I've seen many broad overviews of proof-of-stake mining, and descriptions, but I have not seen any good description of what goes into actually mining and verifying a proof-of-stake block, and how it accomplishes what people say. What are the technical details of this?
Proof-of-stake mining is similar to Proof-of-work at a technical level. It involves a sort of lottery, similar to proof-of-work, but the difficult of this lottery is weighted depending on how many coins you are staking. The overall process for "attempting" to mine a PoS block is like so:
- Add a coinbase transaction, and a staking transaction (in most coins, must be hardcoded as the second transaction)
- Prepare block normally, with transactions from network etc
- Compute the PoS "kernel"
- Compute the "staking difficulty", which is the base difficulty, reduced by a ratio of how many coins you are staking (or in PoS version 1.0's case, the coinage of your coins)
- Compare the kernel's hash against the staking difficulty
- If the hash meets the difficulty then continue, otherwise go back to step 1 trying other UTXOs in your wallet that are suitable for staking
- Now you have a valid PoS block. The final step is to sign the block header, proving that you own the staking transaction from step 1.
Now I'll try to go into a bit more depth.
First, the staking transaction is a special transaction that is not possible on the normal Bitcoin blockchain. It includes the concept of negative fees. Because all stakers know the reward, they add this reward to this transaction, meaning that there are more output coins than input coins. This kind of transaction is only valid in a staking context.
Next, the PoS kernel. This is a bit complicated, but the important part is that nothing in it can be easily changed in the context of this block. In the case of blackcoin, the kernel consists of "stake modifier"(I'll explain that in a bit), current block's timestamp, and data from the "txPrev". The txPrev is the transaction of the output which is spent by the staking transaction(ie, the input to the staking transaction). The data pulled from the txPrev includes blocktime, transaction time, hash, and output number (vout 'n').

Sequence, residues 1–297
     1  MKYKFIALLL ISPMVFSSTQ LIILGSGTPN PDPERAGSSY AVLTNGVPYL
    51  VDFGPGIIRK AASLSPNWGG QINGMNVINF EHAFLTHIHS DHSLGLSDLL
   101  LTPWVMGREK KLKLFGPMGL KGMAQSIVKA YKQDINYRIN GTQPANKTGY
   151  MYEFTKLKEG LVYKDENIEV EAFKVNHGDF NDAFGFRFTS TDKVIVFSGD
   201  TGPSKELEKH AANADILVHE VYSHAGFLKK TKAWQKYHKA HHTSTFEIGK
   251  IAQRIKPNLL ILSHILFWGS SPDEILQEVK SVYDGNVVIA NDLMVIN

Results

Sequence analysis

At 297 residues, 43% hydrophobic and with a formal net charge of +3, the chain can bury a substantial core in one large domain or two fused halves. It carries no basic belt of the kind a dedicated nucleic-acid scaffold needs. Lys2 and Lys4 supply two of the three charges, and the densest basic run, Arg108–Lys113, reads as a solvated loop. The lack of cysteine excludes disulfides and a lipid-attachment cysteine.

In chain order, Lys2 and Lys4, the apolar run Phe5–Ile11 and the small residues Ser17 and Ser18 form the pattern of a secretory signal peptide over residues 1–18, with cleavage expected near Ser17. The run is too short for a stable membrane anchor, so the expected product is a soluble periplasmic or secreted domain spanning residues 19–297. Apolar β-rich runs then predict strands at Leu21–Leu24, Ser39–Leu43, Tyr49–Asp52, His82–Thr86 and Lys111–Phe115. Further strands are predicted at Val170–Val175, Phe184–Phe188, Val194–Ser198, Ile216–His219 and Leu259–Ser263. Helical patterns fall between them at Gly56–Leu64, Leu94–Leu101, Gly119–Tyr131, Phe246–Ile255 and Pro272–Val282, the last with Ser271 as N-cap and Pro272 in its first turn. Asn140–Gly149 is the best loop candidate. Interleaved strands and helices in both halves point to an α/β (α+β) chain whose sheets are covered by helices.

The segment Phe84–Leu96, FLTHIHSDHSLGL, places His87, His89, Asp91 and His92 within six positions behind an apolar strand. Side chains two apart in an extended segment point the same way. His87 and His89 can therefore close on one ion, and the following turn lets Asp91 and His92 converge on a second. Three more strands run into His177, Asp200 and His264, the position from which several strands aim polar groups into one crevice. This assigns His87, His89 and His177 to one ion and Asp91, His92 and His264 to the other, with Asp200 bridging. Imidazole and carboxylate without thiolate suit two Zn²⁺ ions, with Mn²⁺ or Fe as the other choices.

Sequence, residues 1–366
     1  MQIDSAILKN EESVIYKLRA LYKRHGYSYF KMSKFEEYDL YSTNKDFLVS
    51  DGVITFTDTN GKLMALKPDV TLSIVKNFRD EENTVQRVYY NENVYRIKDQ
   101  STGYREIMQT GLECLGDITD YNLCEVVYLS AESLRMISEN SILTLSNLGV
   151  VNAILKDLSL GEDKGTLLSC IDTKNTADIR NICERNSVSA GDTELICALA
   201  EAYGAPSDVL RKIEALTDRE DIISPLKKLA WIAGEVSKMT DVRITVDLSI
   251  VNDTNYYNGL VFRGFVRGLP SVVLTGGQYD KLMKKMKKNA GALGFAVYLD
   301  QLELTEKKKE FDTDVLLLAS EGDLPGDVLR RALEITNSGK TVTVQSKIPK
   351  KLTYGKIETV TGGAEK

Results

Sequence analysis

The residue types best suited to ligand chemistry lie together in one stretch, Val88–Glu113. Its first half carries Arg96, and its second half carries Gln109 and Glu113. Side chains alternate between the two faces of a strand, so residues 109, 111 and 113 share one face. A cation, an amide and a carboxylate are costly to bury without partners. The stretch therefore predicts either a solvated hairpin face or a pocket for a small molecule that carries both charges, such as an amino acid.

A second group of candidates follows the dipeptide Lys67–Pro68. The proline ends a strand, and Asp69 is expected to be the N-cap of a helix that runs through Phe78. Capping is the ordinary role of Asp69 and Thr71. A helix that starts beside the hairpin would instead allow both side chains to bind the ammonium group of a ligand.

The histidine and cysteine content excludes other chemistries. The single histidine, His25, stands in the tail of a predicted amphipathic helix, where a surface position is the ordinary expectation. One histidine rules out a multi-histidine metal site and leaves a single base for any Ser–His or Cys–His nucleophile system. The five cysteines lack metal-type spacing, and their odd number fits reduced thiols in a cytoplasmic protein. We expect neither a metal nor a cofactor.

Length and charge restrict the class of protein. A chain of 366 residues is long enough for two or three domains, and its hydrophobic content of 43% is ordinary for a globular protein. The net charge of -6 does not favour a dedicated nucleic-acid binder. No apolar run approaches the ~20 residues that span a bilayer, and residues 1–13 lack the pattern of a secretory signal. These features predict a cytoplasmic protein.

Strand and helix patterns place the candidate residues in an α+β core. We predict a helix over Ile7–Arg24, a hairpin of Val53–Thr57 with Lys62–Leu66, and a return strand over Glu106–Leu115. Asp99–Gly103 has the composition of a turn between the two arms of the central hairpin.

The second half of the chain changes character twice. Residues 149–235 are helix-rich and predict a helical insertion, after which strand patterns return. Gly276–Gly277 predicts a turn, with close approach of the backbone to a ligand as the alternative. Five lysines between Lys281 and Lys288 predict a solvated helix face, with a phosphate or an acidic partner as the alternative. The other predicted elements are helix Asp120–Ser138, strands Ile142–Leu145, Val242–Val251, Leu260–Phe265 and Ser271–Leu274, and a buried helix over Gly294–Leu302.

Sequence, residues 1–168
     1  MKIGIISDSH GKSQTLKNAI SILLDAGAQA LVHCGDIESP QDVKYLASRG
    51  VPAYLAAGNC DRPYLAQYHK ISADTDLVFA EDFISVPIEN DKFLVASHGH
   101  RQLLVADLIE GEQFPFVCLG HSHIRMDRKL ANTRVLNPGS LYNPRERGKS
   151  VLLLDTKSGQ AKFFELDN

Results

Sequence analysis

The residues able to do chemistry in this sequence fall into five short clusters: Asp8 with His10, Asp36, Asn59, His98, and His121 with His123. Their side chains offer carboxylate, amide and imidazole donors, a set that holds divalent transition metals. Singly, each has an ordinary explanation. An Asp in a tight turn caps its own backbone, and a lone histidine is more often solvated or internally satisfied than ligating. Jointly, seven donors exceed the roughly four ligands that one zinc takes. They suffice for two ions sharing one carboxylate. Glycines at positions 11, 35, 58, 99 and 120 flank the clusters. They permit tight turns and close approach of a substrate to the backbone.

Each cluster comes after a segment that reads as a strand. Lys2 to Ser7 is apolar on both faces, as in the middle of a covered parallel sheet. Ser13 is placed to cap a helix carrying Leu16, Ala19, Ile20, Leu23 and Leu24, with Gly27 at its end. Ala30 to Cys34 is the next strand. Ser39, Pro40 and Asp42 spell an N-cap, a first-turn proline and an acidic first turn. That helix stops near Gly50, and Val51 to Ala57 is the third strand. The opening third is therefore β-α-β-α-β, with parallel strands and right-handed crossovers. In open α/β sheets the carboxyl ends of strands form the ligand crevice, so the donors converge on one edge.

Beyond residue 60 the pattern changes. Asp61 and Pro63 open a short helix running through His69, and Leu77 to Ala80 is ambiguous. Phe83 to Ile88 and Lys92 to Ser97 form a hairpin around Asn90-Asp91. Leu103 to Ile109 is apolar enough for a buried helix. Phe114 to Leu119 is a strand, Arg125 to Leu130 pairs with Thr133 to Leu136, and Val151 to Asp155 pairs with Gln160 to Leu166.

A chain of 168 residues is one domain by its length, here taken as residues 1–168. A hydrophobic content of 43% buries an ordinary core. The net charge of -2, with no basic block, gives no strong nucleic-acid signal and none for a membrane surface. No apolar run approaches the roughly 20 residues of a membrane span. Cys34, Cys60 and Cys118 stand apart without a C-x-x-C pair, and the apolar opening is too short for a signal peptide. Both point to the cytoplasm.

Because the txPrev data has already been confirmed in the blockchain, it is immutable. The only piece of data that is mutable is the current blocktime. The current blocktime in PoS coins is actually masked though (ie, the bottom bits are set to 0), so that there is very little entropy that can be had by making minor modifications to it. And the blocktime can not be beyond certain network drift limits, or not all nodes will accept the block. Finally the stake modifier is a value generated by taking some entropy bits from the previous (iirc) 64 blocks and hashing it together to form a relatively random number. It's primary purpose is to make computing future block's (beyond the next block) kernel difficult.
Finally, all the data for the kernel is hashed together. The staking difficulty is computed simply. It takes the standard difficulty from Bitcoin, but makes it so that this difficulty is for 1 coin. If you stake 2 coins, then it's only half the difficulty. For 4 coins only a quarter of the difficulty, etc. There are some restrictions to this. In order to prevent someone from being able to control the network for a chain of blocks with a large number of coins, there is a limit to the amount of staking coins, and thus there is a limit on how much the base difficulty can be reduced by.
Finally, a signature is made, proving that the staking transaction actually belongs to the person creating this block. The signature itself goes into the blockheader so that the signature is part of the blockhash.